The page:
Oro Valley Planning Director Don Chatfield actually had the temerity to question ranch use in an urban environment. Apparently he was sympathetic toward environmentalists who wanted to move the rented cows out of what's left of the endangered riparian habitat of Honeybee Canyon. Chatfield maintained that Oro Valley had the power to ban cattle from the city.
Fat chance. Vistoso's lawyers argued the town didn't have that discretion. Vistoso's rights to run cattle and pay little in the way of taxes were "grandfathered" because the land was once a ranch. The Oro Valley Town Council and staff, as usual, behaved like the trained seals at Marineland and rolled over for the developer. Vistoso removed a couple of cows from Honeybee (or at least claimed it did).
It's difficult to determine just how big the tax loss on Vistoso has been to jurisdictions like Pima County and the Amphi School District. Many millions over the years is a conservative guess. Currently those 4,000 acres at 63 cents apiece, when compared to several other parcels that average about $300 each per acre and which are zoned low-density, are ducking a bundle. Using the per house estimate, these folks are paying about $700 a year for the privilege of owning land on which they can build one house, while Rancho Vistoso pays 63 cents an acre--or as low as a dime a year each--for parcels on which they can build as many as six homes!
Just removing the agricultural exemption and putting those 4,000 acres at the same $300-a-year rate several neighbors pay would generate $1.2 million for local governments. Taxing those acres based on their new zoning would clearly bring in several million more, and would have certainly done so over the many years the project has been on the books.
OR TAKE DOVE Mountain, formerly known as RedHawk. This project, granted by the Town of Marana to a group of folks led by David Mehl, was born in controversy. In the early '80s the state Land Department traded several thousand acres to the Mehl brothers (David and his late brother George) in exchange for a comparatively crummy parcel of 39 acres adjoining the Mehls' La Paloma resort development in the Catalina Foothills.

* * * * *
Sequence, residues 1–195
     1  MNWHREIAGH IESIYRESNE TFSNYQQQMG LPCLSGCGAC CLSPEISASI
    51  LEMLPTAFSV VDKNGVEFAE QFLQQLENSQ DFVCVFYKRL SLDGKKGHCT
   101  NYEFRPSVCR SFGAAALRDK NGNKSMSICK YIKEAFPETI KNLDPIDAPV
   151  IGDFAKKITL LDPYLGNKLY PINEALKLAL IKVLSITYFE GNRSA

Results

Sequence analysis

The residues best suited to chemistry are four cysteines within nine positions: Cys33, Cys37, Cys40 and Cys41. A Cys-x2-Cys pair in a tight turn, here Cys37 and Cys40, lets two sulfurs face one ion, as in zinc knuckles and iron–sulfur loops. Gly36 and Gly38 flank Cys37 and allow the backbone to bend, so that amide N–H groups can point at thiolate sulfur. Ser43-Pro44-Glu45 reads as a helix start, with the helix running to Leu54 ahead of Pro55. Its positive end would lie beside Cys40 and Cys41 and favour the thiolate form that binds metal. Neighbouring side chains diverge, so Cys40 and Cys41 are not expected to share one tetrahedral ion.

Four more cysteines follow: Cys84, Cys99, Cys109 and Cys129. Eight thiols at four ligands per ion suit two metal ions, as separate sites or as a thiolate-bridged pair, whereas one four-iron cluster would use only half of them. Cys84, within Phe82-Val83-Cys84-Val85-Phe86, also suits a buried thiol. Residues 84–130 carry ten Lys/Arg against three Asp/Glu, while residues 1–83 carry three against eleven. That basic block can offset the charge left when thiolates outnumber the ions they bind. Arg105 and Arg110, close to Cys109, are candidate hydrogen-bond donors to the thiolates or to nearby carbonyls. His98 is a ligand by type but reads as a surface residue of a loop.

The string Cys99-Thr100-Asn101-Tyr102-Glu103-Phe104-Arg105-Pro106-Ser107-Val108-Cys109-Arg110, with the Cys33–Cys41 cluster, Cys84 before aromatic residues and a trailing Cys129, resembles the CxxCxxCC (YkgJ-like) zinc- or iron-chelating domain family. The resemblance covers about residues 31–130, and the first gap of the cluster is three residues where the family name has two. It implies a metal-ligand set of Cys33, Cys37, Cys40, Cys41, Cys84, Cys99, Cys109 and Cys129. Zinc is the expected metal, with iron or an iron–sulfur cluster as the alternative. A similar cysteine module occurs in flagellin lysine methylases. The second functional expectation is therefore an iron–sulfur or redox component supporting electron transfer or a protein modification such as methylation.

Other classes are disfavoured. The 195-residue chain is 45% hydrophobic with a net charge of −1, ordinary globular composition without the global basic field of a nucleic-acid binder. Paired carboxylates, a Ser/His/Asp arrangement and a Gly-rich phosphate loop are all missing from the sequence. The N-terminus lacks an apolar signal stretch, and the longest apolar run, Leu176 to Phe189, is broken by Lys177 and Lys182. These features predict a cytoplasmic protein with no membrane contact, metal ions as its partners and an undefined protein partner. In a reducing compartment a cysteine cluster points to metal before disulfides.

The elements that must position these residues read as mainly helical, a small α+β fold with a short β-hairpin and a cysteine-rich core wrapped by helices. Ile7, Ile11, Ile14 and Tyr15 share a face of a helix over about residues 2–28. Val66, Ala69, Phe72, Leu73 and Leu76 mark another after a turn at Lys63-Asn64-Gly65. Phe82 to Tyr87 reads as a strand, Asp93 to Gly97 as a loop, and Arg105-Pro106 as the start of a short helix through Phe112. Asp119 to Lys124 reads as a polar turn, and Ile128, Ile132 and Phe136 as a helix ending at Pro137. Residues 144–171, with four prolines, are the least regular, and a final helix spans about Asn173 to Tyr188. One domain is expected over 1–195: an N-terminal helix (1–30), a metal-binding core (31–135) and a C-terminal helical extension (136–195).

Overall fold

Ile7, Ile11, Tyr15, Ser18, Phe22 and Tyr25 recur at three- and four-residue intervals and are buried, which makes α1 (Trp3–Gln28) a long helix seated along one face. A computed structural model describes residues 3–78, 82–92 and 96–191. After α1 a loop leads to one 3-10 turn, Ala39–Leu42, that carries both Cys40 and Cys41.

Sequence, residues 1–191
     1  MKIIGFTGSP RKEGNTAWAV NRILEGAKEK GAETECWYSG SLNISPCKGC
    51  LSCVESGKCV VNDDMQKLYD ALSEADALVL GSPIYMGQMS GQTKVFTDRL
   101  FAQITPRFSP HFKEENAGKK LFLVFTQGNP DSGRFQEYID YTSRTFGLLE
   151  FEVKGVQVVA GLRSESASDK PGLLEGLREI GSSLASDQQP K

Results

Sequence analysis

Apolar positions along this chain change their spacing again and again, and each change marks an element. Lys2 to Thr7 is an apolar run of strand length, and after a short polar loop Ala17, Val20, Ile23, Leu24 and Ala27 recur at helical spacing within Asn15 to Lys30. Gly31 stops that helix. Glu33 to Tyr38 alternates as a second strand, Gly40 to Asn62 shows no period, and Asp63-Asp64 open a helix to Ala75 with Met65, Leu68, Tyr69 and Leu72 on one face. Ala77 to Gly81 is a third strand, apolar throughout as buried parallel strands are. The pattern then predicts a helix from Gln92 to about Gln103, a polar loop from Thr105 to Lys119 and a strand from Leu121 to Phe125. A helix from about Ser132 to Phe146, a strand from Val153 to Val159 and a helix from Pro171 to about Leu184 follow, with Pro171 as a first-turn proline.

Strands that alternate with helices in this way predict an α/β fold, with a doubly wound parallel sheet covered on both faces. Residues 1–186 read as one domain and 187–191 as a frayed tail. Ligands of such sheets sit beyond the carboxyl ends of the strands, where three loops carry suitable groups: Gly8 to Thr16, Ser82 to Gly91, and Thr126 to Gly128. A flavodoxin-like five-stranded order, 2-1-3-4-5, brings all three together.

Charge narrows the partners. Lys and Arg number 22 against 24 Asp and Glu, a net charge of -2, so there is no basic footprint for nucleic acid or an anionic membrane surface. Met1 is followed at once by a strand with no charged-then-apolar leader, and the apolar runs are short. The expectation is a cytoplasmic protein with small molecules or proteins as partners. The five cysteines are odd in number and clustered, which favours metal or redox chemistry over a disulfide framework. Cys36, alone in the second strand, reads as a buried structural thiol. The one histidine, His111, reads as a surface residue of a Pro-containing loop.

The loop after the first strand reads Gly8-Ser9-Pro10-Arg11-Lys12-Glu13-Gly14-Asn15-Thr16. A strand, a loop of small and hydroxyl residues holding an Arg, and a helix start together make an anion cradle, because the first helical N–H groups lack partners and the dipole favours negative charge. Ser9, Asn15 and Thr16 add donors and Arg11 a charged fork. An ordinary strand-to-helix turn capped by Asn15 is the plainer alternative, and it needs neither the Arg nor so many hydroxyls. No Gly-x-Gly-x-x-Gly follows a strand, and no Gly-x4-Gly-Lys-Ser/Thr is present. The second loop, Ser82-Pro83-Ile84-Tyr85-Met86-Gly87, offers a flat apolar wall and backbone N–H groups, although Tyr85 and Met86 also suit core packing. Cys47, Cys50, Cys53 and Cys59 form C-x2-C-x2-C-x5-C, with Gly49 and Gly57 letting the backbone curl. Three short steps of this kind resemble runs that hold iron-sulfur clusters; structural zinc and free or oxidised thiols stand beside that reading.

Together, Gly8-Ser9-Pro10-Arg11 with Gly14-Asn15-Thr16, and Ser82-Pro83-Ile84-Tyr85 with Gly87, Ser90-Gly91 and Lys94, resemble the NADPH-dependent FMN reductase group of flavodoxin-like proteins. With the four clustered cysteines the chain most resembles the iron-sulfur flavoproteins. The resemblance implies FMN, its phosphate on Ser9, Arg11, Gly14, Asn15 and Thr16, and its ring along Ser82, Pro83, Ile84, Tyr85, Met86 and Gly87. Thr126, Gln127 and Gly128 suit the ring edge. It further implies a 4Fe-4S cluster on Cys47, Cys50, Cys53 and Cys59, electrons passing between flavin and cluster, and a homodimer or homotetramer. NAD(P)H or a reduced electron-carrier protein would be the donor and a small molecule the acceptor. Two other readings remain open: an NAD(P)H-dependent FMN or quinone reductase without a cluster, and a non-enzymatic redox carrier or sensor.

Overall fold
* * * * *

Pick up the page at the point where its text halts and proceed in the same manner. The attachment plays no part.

Many environmentalists and taxpayers howled. To this day no one quite seems to understand what the state could possibly want with those 39 acres. One thing is perfectly clear, however: the Land Department was itching to promote the growth in the virgin Tortolita Mountains that the Mehl project would supply. The three elected officials charged with approving such deals--which included then-governor Bruce Babbitt, now U.S. Secretary of the Interior--eagerly accommodated them.
Gullible environmentalists who believe Babbitt's blather about stopping urban sprawl should take a drive out on Tangerine Road. They'll find a four-lane divided highway leading into Dove Mountain and assorted other high-density developments, all squatting in the midst of sensitive land that Babbitt could have saved. But he didn't lift a finger to stop the carnage when he had the chance.
The cost of Marana's constant revisions for Mehl--who holds an exaulted position in Marana similar to Wolfswinkel in Oro Valley--is hard to gauge, but as of 1998 there were at least 1,000 acres on the agricultural exemption list. And here there's an even bigger form of corporate welfare involved:
Part of Dove Mountain's specific plan involves the state Land Department, which holds 1,840 acres in the middle of the development. They'll eventually be sold to the developer, but in the meantime the state owns them and the developer pays no taxes at all. In other words, it seems you can cut a deal with the State of Arizona to develop land the taxpayer owns before you buy it.